It is always harder to take up such a fight as the workers to-day have before them, just as in ordinary warfare it is harder to march than to fight. The excitement of the direct attack better fits our animal spirits than the weary labour of outflanking. Yet, though all our activities in the struggle can be translated into no more attractive term than the humdrum word “work,” the battle is none the less real, none the less trying, none the less necessary, and none the less worthy of the highest in our manhood.
What workingman or woman of any spirit can think without shame of the position of the workers under the present system. Cut off from all the means of life; doomed to toil unceasingly in sordid and filthy surroundings for no higher end than to heap up wealth for idlers; constrained to crawl and cringe and fawn and lickspittle before those who cannot even produce their own livelihood, theirs is indeed a position to be hotly blushed for. Nevertheless there are those, even among the working class, who assert that the workers have not the capability to order things more to their advantage.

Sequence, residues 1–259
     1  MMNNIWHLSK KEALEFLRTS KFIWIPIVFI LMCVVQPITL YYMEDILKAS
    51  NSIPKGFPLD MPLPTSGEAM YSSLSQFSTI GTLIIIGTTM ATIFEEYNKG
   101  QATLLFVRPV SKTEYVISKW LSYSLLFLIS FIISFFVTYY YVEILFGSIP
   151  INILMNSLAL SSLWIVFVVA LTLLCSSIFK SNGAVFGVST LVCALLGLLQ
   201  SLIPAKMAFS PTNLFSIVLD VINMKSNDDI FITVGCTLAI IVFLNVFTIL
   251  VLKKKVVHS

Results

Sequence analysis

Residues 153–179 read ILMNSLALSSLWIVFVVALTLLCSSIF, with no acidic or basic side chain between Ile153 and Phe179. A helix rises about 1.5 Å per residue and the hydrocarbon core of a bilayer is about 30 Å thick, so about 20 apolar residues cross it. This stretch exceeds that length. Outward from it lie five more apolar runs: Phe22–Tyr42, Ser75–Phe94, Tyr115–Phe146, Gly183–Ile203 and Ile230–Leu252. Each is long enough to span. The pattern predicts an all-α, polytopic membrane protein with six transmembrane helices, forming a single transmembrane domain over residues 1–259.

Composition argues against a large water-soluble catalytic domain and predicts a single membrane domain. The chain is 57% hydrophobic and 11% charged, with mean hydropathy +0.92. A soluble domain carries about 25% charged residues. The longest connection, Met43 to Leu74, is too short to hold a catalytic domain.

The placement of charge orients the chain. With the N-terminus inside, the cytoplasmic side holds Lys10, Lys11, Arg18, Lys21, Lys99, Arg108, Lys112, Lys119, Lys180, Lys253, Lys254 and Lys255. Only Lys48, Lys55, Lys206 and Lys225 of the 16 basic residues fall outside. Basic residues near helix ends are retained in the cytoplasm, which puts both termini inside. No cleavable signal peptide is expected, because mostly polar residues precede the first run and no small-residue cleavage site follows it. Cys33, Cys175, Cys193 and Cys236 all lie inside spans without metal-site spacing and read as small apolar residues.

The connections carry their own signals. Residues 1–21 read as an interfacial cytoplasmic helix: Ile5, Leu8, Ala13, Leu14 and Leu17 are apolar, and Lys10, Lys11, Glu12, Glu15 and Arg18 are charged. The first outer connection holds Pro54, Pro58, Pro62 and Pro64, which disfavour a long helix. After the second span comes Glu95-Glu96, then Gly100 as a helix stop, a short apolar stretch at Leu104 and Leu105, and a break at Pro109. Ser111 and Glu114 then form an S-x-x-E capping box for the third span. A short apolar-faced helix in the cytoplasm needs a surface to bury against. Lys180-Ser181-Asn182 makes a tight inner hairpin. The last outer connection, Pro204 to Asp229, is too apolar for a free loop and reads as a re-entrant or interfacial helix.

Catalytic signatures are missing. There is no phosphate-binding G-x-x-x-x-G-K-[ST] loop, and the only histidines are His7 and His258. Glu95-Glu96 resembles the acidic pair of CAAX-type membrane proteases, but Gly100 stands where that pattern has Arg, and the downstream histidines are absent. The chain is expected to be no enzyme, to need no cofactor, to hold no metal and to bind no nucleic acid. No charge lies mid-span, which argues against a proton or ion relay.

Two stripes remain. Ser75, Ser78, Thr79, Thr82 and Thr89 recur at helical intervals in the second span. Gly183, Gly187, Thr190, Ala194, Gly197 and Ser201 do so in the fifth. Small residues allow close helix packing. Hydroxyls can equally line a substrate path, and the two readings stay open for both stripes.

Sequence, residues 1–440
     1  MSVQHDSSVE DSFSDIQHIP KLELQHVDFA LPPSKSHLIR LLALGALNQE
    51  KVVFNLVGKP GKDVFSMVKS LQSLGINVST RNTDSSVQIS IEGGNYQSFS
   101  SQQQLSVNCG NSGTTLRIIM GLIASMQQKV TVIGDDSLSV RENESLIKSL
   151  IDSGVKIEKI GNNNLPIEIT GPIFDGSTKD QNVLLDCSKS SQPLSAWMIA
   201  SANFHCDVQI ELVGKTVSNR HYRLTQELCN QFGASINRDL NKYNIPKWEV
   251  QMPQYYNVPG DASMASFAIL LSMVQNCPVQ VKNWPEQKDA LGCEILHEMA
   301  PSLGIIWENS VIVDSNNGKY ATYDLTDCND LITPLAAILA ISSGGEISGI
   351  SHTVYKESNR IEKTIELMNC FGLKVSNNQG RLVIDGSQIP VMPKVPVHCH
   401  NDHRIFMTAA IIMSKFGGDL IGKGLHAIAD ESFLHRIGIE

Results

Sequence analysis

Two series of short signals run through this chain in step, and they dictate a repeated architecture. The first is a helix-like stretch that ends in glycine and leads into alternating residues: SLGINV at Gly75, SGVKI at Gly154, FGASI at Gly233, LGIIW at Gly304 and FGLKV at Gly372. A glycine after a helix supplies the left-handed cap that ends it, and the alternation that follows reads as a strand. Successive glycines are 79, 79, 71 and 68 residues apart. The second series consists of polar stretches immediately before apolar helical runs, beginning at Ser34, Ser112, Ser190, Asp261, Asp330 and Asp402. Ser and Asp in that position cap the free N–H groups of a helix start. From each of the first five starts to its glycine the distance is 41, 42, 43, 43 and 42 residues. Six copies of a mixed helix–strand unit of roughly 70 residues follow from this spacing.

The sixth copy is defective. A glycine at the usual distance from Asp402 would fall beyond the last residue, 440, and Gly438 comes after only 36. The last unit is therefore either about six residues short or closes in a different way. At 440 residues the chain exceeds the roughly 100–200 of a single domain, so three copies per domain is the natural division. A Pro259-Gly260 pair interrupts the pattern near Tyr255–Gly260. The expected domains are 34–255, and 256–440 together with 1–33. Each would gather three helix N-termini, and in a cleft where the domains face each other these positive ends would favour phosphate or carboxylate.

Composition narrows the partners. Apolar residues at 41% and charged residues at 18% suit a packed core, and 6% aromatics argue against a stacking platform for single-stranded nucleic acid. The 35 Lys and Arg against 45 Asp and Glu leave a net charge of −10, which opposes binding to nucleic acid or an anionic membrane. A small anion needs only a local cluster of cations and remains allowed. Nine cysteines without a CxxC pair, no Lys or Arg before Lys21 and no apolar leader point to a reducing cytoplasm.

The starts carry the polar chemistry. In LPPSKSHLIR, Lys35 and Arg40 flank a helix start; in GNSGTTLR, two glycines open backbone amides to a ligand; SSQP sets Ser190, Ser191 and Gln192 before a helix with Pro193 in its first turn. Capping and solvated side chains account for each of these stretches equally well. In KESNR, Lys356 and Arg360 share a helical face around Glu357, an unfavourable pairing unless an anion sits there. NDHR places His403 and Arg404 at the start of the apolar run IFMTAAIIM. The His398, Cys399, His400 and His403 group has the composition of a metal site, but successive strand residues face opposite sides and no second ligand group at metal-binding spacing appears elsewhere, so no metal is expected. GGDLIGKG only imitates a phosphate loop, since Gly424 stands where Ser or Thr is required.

The idea is shameful. It is an insult, not only to our class, but to human intelligence. The wealth at present produced is sufficient to give comfort and even a degree of luxury to every member of the community. The whole of that wealth is produced by the working class. We are asked to believe that the working class intelligence is not capable of solving the simple problem of distributing that wealth among the people who produce it.
We say it is a lie; the solution is ridiculously easy. We have simply to sweep away those who stand between us and all that is good under the sun. We have to take away from them all the sources of wealth and all the means of producing wealth, and to use them for the satisfaction of our own needs. Who gave the world into the hands of these idlers, pray ?
To the work of throwing down the barriers which the masters have set up between our class and the world, of setting humanity free to produce what humanity needs without let or hindrance, we solemnly call all working people.
To Arms! The World for the Workers!